Decision makers and citizens need to examine and understand the complexity of the parties, their interests, needs, values, concerns, and fears. Disputing groups are not monolithic, as is often assumed, but they are actually quite heterogeneous on a wide range of dimensions. The facts of most of the highly-contentious issues are also highly complex.  Answers about how to respond to climate change, poverty, crime, racism, LGBTQ issues, abortion, and education, for instance, are all very complex. None of these issues can be adequately understood and managed by listening to the narratives presented by just one side or the other.  It is essential that we listen to each other to understand what the different sides believe, and why they believe that. Is it because they have a misunderstanding of verifiable facts?  Is it because their life background or current situation is different?  Only when we understand the sources of different beliefs and opinions, can we solve problems in ways that are likely to be accepted by a majority of people and hence stand a chance (maybe even a good chance) of actually working. 

Doing these seven things will be difficult, no doubt.  But all are possible.  Years ago, renowned economist and peace theorist Kenneth Boulding coined what he called "Boulding's First Law":  "If it exists, it must be possible." The same can be said of all of the elements listed above.  All of these are done routinely successfully by conflict resolution professionals as well as by civically-motivated citizens and organizations. But they don't work when they aren't used. 

 

Obstacles to Implementing the Elements of Successful Democracy 

The conflict resolution field has long thought the reason that their services aren't widely used is that they aren't good enough at publicizing their work.  Not enough people know about conflict resolution options; if they did, many mediators and other conflict experts assume, their skills would be more widely used.  Unfortunately, our years of work with intractable conflicts, has taught us that there is much more to it than that. As we see it, there are five obstacles that must be overcome before these elements can be successfully implemented in ways that will strengthen democracy. 

  1. Complacency: The first obstacle is complacency. We need to help people understand the severity of the hyper-polarization problem and the risks of continuing our current trends. Not only is democracy at stake in the U.S. and elsewhere, the well-being of all humanity is at stake. Our inability to deal with conflict is preventing us from solving other problems, such as pandemics, climate change, inequality, race, immigration, or anything else.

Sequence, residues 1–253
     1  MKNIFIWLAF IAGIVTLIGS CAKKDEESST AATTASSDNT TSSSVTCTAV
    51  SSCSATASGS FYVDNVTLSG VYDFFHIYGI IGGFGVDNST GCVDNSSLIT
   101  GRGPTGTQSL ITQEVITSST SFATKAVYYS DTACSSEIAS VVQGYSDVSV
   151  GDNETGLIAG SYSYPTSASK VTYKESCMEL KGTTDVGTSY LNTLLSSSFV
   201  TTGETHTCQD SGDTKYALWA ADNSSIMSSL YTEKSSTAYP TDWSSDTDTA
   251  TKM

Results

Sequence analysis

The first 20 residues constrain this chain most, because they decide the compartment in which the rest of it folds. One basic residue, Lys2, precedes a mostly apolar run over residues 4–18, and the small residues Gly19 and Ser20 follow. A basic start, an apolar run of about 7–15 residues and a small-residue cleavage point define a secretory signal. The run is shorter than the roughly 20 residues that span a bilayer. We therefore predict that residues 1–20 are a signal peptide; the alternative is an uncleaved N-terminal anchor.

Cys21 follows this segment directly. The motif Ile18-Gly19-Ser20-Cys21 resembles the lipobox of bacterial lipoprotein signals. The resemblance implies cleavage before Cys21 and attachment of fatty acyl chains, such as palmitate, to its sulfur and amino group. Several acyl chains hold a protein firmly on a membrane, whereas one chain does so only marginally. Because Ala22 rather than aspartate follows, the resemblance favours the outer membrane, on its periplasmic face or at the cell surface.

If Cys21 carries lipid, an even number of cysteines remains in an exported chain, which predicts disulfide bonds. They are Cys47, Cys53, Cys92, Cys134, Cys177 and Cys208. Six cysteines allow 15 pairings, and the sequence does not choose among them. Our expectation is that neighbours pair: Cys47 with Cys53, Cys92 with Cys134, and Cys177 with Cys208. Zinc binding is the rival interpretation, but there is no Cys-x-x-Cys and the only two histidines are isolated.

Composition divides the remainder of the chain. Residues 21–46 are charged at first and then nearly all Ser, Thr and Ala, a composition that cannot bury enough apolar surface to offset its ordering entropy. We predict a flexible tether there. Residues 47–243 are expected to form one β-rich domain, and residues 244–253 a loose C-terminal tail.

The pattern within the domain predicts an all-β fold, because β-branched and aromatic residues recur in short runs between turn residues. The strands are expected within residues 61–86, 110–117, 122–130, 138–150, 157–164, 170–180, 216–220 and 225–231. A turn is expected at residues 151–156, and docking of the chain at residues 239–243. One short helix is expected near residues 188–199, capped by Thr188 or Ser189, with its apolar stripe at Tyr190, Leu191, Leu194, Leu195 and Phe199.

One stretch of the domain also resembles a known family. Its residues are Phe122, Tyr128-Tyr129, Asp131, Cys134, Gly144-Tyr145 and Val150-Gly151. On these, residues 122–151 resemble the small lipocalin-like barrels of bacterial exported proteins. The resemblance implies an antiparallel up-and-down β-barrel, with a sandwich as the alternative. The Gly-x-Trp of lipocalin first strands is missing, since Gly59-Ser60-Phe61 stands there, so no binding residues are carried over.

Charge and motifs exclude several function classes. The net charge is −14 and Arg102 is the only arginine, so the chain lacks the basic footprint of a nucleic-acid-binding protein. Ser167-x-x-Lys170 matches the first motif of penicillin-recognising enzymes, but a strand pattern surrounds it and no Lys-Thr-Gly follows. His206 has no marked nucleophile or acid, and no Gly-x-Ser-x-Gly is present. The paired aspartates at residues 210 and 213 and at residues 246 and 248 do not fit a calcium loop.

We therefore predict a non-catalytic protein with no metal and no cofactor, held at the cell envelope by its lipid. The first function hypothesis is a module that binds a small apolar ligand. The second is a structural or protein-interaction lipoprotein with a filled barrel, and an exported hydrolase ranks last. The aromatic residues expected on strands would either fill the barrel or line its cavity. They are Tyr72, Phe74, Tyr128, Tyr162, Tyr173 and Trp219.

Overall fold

So far, almost everyone is thinking about these issues, and every other social, economic, and environmental issue, in us-vs-them terms.  They still think the answer to inequality is to make sure that THEY are on top.  The answer to climate change is to make sure that their side's policies prevail. Compromise is seen as totally unacceptable and almost treasonous; the only acceptable goal is to win and then, if at all possible, dominate (and, in many significant ways, oppress) the other side.

    We have talked elsewhere about where this is leading us: paralytic political dysfunction, domination and oppression, authoritarianism, large-scale civil unrest, even war.  Even as we watch these dystopias unfold, most people don't understand that it is their behavior that is contributing to those ends—it is not just "the other guys." It is all of us. So it is going to take all of us to change our attitudes and our behaviors, if we want to change the likely outcome of the social trends we now see. 
     

  2. The Scale and Complexity of Societal-Level Conflict: The second obstacle is the immense scale and complexity of society. As a field that prides itself on managing conversations around a table, most conflict resolvers have not yet learned how to apply their insights and processes at the societal level. At best, they try to implement lots and lots of table-oriented processes.  But the numbers don't add up.  A typical table-oriented process involves 10-20 people.  Most societies involve one to 350 million (the United States) to over a billion people (India and China).  So it would take hundreds of millions of dialogues to reach a whole society.  And, even if this were possible, those dialogues would still constitute only a small fraction of the social interactions that determine individual conflict behavior.